Patrick Charles O'Grady of Portugal Cove was in Newfoundland Supreme Court in St. John's Friday to hear the verdict in his case. - Photo by Rosie Gillingham/The Telegram
It may have seemed like police had sniffed out a drunk driver, but in the end, Patrick Charles O'Grady was cleared of impaired-related charges.
O'Grady was accused of driving drunk with his three children in the car when it swerved off the road and crashed.
But in Newfoundland Supreme Court in St. John's Friday, O'Grady was found not guilty of impaired driving causing bodily harm, failing the breathalyzer and dangerous driving causing bodily harm.
Justice Wayne Dymond did convict O'Grady of dangerous driving, an offence that was part of the third charge.
The judge said it was possible the car's brakes did malfunction, as O'Grady said he suspected, but based on the evidence from the witnesses, the judge said it was clear O'Grady was speeding.
However, Dymond said there was insufficient evidence to suggest O'Grady was impaired at the time of the crash.
Witnesses at the scene of the crash and police officers, who visited O'Grady's house later, all testified during the trial they detected an odour of alcohol on O'Grady's breath. However, the judge pointed out smell alone is not enough proof to convict.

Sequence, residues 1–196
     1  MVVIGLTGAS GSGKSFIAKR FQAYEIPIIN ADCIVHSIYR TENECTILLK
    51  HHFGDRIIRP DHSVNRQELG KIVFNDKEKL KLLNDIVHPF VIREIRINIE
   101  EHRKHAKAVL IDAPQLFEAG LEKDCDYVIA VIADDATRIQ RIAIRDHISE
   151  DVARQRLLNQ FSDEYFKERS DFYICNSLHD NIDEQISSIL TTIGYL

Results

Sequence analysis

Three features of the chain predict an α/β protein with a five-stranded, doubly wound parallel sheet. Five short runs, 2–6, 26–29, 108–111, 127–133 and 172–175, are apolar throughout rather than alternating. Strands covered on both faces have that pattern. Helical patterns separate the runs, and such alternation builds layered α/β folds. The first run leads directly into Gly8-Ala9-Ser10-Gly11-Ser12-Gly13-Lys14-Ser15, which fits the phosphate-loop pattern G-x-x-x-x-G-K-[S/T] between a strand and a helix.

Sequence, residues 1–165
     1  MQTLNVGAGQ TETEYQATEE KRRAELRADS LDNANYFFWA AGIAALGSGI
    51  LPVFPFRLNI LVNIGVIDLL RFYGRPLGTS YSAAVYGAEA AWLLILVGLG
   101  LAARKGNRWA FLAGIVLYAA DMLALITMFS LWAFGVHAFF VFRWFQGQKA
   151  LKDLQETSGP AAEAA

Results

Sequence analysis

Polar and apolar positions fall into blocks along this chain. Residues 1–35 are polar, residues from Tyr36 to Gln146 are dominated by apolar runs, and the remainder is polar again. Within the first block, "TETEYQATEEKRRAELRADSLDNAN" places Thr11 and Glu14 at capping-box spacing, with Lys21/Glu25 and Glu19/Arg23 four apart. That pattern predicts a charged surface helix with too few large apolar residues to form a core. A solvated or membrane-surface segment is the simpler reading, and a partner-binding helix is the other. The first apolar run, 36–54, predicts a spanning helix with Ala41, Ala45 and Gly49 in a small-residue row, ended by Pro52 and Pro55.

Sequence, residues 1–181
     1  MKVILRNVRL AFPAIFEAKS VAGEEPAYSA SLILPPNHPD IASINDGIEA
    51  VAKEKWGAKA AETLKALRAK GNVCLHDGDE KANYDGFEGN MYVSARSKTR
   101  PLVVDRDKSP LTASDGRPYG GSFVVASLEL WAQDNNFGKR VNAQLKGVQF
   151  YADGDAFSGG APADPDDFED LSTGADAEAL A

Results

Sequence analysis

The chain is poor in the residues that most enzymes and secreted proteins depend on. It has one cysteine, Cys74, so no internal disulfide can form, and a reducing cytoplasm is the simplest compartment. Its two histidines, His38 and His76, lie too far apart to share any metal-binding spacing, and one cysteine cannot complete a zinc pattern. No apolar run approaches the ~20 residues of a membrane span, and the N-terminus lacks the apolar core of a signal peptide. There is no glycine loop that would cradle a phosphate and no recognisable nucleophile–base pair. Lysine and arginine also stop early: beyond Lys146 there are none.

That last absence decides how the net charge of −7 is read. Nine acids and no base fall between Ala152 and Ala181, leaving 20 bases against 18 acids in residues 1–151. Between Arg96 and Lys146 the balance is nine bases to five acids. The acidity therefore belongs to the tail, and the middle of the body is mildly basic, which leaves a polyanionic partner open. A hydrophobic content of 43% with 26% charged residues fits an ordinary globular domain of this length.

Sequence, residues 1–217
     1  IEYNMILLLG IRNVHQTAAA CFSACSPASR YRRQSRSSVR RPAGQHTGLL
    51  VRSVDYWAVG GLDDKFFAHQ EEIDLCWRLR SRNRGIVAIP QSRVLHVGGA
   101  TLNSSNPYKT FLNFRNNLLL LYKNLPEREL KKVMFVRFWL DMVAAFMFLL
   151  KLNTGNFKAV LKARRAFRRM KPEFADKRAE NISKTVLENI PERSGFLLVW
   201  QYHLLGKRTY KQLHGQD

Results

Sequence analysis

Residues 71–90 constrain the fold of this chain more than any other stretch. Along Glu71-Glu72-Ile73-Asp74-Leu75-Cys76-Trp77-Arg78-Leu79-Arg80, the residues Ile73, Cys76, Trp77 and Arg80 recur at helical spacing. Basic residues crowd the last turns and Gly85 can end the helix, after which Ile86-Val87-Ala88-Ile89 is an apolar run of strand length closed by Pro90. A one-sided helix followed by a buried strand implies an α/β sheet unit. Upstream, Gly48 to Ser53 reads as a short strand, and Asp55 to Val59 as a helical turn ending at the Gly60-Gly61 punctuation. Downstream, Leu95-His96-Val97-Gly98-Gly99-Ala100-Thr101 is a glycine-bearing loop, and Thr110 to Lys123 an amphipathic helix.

"There are some forms of alcohol that have no odour," Dymond said. "So it is impossible to corroborate consumption or volume on smell alone."
The accident happened at about 2:25 p.m., Aug. 1, 2010.
O'Grady was behind the wheel of his Honda CRV, driving on Portugal Cove Road in Portugal Cove, when he lost control and swerved off the road while making a turn on the winding road.
The car slammed into a pillar on the side of the road and spun back into a residential driveway before coming to a sudden stop.
O'Grady's nine-year-old daughter, and his two sons, ages 11 and 12, were shaken by the incident.
The girl was visibly upset, crying loudly. She suffered cuts and bruises, along with a neck injury, while one of the boys was also cut and bruised. He injured his chest from the seatbelt when it tightened on impact. The other boy was relatively uninjured.
O'Grady turned down offers from witnesses to call an ambulance for the children.
He opted to leave the car, while he and his children obtained a ride back to his house.
O'Grady told the court that before the crash, he drank three O'Doul's non-alcoholic beers. His lawyer, Michelle Elliott, pointed out the odour might have been mistaken for that of the non-alcoholic beers, which the judge, himself had sniffed and concluded had "a distinct ale smell."
O'Grady said he consumed three alcoholic beers after he got home, and that's when the RNC officers showed up and gave him the breathalyzer - hours after the crash.
A sentencing hearing for the dangerous driving conviction will be held March 7.
The children's mother looked grim as she walked out of the courtroom following proceedings. She declined reporters' requests for an interview.
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